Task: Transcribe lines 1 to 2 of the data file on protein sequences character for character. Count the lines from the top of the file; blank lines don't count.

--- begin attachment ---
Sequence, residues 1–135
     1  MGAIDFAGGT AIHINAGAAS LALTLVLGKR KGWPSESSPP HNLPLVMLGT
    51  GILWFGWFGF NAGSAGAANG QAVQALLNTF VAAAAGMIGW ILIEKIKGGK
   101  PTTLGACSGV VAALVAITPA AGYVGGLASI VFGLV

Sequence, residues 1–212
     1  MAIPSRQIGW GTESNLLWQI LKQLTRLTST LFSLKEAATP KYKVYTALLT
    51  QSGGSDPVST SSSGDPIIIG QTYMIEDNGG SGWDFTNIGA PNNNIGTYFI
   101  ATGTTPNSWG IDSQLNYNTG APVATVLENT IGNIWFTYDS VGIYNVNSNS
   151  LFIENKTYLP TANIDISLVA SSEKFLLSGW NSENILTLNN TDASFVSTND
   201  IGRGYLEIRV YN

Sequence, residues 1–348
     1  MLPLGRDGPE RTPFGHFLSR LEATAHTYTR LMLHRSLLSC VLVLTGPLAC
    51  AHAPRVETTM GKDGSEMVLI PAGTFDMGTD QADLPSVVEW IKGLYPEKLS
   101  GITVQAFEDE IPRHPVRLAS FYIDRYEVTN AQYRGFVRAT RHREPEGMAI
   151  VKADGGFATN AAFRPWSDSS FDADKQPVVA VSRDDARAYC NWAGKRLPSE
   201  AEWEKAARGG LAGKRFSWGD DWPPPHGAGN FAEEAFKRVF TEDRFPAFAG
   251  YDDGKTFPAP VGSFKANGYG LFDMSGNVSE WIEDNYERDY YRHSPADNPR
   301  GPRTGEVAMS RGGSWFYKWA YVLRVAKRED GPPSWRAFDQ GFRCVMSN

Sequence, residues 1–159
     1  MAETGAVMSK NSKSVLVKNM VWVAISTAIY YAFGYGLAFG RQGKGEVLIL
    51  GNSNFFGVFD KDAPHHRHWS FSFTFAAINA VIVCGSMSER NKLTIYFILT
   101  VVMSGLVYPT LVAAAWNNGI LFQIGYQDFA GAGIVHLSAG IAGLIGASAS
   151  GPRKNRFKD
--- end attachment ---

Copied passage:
Sequence, residues 1–135
     1  MGAIDFAGGT AIHINAGAAS LALTLVLGKR KGWPSESSPP HNLPLVMLGT